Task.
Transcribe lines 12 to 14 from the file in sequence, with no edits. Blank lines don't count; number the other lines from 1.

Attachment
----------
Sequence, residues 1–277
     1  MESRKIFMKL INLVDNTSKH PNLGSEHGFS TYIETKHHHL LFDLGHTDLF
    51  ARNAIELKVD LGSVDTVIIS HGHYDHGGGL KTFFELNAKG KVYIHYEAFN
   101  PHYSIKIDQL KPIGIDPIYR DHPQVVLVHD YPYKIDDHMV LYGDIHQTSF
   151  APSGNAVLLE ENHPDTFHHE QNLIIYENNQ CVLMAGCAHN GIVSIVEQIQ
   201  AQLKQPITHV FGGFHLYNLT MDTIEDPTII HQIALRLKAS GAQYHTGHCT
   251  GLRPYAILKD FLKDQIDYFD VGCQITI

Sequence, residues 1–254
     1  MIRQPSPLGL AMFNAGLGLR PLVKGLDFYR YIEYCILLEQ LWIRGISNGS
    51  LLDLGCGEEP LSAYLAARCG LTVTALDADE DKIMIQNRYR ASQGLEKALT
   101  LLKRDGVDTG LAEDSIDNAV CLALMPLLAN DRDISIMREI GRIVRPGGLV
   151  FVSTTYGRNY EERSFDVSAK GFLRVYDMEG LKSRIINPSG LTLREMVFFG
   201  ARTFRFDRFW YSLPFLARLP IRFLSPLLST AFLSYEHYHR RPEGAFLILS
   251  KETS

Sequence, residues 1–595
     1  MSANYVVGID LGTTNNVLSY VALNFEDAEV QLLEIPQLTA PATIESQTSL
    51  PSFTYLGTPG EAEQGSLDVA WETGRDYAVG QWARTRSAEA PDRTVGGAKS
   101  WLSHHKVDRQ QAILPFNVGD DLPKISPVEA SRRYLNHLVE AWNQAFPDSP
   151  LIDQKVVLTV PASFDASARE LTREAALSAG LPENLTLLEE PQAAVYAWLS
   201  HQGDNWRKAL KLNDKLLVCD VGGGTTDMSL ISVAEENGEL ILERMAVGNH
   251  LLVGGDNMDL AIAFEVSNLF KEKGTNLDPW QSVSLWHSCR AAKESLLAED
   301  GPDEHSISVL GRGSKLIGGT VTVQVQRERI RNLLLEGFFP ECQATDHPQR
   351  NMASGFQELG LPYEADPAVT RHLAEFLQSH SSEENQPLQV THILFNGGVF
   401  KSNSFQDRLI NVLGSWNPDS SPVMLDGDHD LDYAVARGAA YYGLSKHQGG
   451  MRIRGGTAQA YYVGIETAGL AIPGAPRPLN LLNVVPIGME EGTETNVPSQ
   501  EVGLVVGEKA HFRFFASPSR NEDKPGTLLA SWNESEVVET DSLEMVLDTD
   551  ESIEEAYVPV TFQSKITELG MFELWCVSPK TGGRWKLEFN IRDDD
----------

   151  FVSTTYGRNY EERSFDVSAK GFLRVYDMEG LKSRIINPSG LTLREMVFFG
   201  ARTFRFDRFW YSLPFLARLP IRFLSPLLST AFLSYEHYHR RPEGAFLILS
   251  KETS